‘It’s been a good career’

By on October 13, 2023

Charlie Snow, to be honored for his many years in flight, with one of his planes at Outer Banks Airlines (Courtesy of Charlie Snow)
Pilot Charlie Snow flying stars of The Walking Dead, Norman Reedus and Jeffrey Dean Morgan, on a private charter to the Outer Banks. (Courtesy of Charlie Snow)
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After more than 50 years in the sky, Charlie Snow honored with Wright award

From flying for the Civil Air Patrol at just 14 years old to running private charter flights for celebrities, Charlie Snow been airborne for more than six decades. And for his lifetime in in flight, the Federal Aviation Administration (FAA) is awarding Snow with the Wright Brothers Master Pilot Award for 50 years of accident and violation free flying.

The ceremony will be held at the Dare County Regional Airport on Airport Road on Saturday, Oct. 14 from 4 to 6 p.m. with his son Brian and daughter Jennifer honoring him with a celebration for family and friends in the community.

The award comes with a few requirements, such as having 50 or more years of solo flying experience, and never having received any citations or your airman certificate revoked. And today, at 77 years old, Snow is still flying.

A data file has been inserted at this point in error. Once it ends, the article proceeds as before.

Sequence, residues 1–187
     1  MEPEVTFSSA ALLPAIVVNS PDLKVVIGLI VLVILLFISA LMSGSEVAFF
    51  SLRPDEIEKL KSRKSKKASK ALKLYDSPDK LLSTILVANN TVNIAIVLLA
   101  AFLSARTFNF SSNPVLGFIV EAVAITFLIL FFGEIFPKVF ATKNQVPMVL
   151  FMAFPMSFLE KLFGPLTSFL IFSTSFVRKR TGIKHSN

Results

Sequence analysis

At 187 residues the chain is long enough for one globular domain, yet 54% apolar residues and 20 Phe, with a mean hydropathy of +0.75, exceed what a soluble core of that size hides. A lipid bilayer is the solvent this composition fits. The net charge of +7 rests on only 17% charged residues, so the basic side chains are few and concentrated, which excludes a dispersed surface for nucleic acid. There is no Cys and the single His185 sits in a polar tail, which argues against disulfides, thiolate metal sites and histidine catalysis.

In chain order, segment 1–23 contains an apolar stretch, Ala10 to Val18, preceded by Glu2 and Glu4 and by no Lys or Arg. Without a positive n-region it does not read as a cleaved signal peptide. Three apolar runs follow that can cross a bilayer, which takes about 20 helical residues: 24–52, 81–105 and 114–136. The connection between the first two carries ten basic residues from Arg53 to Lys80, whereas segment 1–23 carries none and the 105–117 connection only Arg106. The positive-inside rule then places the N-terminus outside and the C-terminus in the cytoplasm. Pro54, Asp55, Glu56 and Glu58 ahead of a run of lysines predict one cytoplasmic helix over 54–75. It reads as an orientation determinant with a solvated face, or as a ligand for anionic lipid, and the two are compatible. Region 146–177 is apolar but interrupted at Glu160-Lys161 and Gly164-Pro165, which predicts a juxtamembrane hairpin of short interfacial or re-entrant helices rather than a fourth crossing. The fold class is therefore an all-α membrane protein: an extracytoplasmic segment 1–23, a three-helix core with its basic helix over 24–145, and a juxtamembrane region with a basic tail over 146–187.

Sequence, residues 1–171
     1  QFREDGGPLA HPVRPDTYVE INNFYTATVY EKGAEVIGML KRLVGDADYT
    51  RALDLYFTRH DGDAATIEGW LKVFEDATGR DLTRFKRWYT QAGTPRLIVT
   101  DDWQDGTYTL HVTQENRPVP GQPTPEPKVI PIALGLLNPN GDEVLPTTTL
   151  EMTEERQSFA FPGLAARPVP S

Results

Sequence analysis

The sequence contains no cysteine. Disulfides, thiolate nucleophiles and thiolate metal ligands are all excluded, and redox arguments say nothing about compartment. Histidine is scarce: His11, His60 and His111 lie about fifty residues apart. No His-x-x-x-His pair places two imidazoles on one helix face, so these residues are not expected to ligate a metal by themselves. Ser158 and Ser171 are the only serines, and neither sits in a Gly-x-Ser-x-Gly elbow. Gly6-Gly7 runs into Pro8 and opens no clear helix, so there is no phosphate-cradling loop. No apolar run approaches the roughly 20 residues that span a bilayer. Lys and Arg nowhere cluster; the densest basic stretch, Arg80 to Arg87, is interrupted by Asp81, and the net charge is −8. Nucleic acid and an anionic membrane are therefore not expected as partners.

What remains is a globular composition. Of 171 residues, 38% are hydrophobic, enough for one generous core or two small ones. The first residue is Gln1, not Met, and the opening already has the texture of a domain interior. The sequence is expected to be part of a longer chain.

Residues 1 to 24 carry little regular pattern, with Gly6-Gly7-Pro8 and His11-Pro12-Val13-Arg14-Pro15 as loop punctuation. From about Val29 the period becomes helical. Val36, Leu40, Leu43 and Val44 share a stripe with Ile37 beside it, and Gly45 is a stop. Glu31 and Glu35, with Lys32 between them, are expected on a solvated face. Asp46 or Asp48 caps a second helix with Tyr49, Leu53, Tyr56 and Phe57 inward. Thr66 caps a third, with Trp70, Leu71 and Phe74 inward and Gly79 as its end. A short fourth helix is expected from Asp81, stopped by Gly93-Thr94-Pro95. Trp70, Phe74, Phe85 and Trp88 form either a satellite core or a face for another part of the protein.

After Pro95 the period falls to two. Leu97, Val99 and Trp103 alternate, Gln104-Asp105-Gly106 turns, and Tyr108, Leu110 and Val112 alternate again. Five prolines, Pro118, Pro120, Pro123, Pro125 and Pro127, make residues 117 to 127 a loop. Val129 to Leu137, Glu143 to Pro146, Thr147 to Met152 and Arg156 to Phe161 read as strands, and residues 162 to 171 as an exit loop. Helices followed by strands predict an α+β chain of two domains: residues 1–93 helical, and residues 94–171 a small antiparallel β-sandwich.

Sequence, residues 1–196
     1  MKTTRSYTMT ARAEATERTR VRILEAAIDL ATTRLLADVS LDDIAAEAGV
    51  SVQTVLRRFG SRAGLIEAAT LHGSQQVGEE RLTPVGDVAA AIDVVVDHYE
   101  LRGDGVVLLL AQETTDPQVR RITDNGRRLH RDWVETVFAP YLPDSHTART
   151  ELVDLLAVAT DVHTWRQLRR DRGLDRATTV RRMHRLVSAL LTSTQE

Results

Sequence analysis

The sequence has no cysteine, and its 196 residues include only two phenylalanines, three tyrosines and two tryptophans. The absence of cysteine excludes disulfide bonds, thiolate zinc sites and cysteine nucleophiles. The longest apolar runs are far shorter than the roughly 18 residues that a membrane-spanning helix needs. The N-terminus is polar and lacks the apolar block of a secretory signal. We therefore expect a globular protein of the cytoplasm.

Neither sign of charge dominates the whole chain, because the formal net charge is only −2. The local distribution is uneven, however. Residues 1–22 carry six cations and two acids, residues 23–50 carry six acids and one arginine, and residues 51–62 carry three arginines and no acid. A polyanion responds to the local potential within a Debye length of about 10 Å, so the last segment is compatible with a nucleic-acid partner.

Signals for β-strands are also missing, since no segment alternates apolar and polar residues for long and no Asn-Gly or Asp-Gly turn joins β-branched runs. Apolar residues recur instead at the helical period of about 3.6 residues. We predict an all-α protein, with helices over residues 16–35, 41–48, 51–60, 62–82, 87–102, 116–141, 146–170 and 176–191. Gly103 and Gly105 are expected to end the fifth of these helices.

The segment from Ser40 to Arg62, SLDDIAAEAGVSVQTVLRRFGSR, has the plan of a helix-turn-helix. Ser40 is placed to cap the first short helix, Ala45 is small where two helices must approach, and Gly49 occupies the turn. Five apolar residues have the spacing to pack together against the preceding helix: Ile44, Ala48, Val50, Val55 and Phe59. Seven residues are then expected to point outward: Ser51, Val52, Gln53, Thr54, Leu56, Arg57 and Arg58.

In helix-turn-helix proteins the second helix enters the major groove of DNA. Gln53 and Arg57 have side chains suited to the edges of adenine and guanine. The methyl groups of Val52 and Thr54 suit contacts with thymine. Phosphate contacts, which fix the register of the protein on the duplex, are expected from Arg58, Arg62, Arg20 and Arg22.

Snow, who grew up in Chesapeake, VA, says his mother was the one who signed him up for flying with the Civil Air Patrol, a congressionally chartered non-profit corporation that serves as the official civilian auxiliary of the United States Air Force.

Before that he had been a Boy Scout. And my Boy Scout troop broke up,” Snow recalled. “So I was sort of out there wandering around.”

Snow’s dad, a deputy sheriff in Wilmington, NC and a private pilot, died he was 10. His mother, raising three children and working as a beautician, tried to provide the advice and guidance his father would have. Then, one of her clients told her about this opportunity.

“My dad had been a pilot, and she knew that impressed me. So, she just came home one day, and she said, ‘Son, I’ve got some news that I think you’re gonna love. You can learn to fly.’”

So at 14, Snow became a cadet in the Civil Air Patrol and got to wear an Air Force uniform, go to encampments and do some things that an adult member of the Air Force would. “And then you get in airplanes and fly with the members,” he said.

But Snow never thought it was in the cards for him to be an actual pilot. The benefit of the program is that it was a way to fly that didn’t cost money. But becoming a professional pilot can be an expensive proposition.

“And then I went off to college at Virginia Tech to get my engineering degree,” he recalled. “And so for the next number of years, I wasn’t flying. We couldn’t afford to fly. I couldn’t afford to fly.”